You’re Never Weird On The Internet (Almost) by Felicia Day (book review).

To tell the truth, I’ve never heard of Felicia Day until now. Come to that, I doubt if she’s heard of me neither. The Internet is a big place after all. Joss Whedon has and, as he explains in his introduction, she was of significant help in getting his ‘Dr. Horrible’s Sing-Along Blog’ on-line and past investors who weren’t savvy to do it properly as well as acting in his Net offering.

From this autobiography, ‘You’re Never Weird On The Internet (Almost)’, Felicia is somewhere in her mid-30s and a computer-loving geek with a liking for the original novels of Perry Mason (rather than the TV series) by Erle Stanley Gardner and a dollop of SF. Born in the southern states to hippy-like mother and medical doctor, much of her education was at home away from southern religious schools but the only thing that was re-enforced was to read as much as possible.

You're Never Weird On The Internet (Almost) by Felicia Day (book review).
You’re Never Weird On The Internet (Almost) by Felicia Day (book review).

Her home teaching didn’t stop her getting to university, getting a degree in playing the violin and mathematics, neither of which she particularly wanted as she went on to Los Angeles to achieve her aim of becoming an actress. For those of you with similar ambitions, it is well worth reading this section of the book and all the pitfalls Felicia encountered before her obsession with ‘World Of Warcraft’ turned into a comedy called ‘The Guild’. Unable to convince LA TV studios that it would make a good TV series, she and some friends turned to YouTube and made a success of it there that ended up as templates for those who followed 7 years back. As I said, I still hadn’t heard of it but looks like it was outside of my interest range. Having said that, there is information on how things explode in the USA and the hard work involved that stressed Felicia into a nervous breakdown from over-work and a re-evaluation of what she was doing. There’s also strong points about how much you should reveal about yourself on-line and what trolls do. Felicia uses stronger words than I do.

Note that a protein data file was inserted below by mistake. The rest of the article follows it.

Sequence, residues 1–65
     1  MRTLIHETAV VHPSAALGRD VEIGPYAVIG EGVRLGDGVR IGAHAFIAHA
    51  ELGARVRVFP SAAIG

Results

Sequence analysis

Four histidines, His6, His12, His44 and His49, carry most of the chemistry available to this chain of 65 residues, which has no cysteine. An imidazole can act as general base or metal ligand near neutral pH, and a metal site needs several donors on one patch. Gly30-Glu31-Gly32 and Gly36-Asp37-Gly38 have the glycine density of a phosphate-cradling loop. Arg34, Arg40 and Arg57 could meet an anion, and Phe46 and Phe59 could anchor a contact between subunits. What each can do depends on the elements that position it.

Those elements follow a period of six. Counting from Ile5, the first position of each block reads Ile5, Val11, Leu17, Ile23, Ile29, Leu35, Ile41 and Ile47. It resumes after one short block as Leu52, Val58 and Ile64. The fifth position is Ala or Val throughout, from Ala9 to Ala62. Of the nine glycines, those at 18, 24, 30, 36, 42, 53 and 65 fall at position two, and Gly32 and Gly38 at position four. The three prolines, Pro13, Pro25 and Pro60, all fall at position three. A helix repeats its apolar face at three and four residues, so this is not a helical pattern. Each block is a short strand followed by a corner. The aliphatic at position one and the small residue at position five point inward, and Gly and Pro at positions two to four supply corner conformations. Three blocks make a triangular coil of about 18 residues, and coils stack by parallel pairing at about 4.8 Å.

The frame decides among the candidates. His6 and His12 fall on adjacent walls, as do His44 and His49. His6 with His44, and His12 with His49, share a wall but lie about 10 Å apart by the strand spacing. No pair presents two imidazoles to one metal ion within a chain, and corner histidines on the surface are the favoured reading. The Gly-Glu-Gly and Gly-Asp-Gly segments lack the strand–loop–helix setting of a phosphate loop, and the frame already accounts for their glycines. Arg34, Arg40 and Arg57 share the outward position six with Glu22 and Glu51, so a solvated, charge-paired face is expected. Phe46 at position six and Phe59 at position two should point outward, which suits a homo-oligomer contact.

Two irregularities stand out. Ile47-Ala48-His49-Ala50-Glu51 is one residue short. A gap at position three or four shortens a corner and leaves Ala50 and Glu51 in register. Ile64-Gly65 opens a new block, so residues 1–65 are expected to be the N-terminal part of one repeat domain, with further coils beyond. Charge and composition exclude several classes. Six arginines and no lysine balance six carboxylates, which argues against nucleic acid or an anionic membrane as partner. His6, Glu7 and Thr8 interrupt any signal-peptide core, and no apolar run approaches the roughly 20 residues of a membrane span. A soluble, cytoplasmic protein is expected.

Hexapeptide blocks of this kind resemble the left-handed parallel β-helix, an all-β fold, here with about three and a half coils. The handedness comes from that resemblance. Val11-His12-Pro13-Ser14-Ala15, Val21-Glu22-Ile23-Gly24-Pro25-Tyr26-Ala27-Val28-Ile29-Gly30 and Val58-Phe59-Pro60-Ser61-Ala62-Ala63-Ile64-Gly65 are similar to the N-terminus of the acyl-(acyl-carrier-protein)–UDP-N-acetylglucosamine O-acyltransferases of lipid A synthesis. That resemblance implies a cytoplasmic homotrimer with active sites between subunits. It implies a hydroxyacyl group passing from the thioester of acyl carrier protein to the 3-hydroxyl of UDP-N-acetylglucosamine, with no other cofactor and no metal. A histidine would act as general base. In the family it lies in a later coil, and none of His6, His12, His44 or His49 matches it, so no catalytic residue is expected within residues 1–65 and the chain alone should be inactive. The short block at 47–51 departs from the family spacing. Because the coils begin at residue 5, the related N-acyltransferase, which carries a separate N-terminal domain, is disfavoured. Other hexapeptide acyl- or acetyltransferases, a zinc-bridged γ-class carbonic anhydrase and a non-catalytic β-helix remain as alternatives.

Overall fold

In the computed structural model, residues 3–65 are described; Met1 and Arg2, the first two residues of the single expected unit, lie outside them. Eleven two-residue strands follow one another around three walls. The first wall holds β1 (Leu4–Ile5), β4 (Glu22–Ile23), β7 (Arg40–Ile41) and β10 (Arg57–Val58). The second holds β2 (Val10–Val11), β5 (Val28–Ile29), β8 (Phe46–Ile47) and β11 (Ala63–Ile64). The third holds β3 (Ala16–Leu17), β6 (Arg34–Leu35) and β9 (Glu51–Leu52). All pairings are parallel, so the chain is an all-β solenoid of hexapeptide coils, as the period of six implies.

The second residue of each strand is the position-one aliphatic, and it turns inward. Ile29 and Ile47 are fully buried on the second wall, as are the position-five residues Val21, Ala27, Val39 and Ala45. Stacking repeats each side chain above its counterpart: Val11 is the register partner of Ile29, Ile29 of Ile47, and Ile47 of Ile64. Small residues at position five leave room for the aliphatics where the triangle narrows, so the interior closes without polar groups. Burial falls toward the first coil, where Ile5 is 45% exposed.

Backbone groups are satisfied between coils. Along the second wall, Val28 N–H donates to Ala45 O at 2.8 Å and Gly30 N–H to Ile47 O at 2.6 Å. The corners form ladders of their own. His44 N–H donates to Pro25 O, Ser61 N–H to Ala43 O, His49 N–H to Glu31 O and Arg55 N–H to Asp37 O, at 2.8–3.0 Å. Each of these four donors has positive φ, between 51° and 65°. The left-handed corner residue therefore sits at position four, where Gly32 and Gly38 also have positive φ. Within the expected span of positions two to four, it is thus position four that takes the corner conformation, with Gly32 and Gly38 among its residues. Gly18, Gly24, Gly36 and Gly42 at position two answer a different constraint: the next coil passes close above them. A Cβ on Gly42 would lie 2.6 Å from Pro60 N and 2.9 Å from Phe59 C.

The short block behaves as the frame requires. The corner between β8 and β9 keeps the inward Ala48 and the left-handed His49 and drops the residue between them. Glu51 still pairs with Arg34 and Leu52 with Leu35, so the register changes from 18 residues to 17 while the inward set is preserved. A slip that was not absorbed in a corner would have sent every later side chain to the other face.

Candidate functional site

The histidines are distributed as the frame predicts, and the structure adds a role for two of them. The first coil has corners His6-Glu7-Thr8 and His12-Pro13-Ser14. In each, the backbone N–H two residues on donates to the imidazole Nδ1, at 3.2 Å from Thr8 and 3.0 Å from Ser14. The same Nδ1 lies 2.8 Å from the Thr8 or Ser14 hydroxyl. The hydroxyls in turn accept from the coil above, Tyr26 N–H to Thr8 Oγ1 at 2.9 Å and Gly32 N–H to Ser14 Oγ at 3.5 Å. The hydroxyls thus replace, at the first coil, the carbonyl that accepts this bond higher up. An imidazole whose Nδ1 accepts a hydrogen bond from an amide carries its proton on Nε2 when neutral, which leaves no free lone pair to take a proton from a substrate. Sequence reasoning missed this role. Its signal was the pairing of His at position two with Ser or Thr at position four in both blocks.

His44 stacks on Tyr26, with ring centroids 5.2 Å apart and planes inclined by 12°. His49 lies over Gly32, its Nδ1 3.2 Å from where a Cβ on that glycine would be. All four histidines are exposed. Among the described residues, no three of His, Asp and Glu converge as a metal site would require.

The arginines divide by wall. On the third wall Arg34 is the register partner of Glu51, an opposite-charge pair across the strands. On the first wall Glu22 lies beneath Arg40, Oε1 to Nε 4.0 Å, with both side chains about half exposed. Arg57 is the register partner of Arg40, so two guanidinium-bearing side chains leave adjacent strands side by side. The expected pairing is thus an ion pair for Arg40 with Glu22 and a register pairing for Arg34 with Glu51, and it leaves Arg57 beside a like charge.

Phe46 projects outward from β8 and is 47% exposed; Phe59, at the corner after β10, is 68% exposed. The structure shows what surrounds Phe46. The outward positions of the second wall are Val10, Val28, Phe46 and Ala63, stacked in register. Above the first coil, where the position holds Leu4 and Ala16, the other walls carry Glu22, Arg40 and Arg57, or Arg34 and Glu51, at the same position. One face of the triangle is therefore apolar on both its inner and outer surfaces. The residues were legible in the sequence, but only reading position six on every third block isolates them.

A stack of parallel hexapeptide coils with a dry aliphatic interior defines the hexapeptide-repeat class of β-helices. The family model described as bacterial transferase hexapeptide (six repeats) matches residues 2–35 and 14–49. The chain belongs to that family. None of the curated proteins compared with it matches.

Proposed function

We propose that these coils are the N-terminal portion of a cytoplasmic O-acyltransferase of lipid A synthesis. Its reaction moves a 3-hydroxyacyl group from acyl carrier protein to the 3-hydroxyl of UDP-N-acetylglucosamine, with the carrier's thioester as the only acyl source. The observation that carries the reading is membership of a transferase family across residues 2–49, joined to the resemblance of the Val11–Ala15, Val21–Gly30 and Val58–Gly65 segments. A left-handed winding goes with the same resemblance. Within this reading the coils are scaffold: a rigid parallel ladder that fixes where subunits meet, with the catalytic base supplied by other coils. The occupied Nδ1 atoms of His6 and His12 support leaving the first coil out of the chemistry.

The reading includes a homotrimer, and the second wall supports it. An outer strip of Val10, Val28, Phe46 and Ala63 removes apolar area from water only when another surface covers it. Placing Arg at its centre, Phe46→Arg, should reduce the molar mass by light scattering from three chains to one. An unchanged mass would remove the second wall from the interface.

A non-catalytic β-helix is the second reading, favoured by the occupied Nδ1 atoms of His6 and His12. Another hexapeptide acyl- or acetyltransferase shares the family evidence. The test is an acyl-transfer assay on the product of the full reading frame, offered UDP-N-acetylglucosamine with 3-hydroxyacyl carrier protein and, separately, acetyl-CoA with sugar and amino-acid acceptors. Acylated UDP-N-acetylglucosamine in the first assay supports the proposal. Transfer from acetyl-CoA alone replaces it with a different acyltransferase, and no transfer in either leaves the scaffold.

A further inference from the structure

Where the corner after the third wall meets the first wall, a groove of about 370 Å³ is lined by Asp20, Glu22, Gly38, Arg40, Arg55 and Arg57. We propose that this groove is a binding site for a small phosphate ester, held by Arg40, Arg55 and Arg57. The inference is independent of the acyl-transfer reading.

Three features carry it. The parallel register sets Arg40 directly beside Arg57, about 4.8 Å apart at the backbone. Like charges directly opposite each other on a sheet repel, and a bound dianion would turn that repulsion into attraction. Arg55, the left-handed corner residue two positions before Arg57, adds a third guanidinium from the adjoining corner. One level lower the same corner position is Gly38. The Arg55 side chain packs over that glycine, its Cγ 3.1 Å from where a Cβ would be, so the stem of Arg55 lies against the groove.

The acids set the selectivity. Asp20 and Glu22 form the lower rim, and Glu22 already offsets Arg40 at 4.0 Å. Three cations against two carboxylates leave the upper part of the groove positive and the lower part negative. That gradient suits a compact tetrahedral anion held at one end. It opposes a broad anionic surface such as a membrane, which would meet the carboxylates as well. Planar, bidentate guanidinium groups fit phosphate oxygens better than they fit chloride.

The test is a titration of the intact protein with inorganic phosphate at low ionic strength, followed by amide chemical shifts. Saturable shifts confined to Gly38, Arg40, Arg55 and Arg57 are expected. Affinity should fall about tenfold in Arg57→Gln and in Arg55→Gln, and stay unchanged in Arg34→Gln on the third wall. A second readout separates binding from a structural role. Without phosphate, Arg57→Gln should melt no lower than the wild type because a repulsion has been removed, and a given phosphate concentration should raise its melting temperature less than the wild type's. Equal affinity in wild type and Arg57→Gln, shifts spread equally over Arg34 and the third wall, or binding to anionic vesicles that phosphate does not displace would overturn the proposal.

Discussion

There are areas I recognise but writing and editing is the one thing that never stresses me but I also don’t have to worry about being mobbed at conventions neither. Having said that, Felicia Day’s book, ‘You’re Never Weird On The Internet (Almost)’ tells as much about pitfalls as her own history and how much luck she must carry with her.

I suspect most of her readers will be those who’ve seen her on the Net and very probably American. However, considering ‘World Of Warcraft’ is international, then some of you reading here will undoubtedly find this book of use. As to the trolls, I honestly think they should stay away and give up such a vile practice.

GF Willmetts

August 2015

(pub: Sphere/Little, Brown Book Group. 260 page with minor illustrations hardback. Price: £16.99 (UK). ISBN: 978-0-7515-6248-4)

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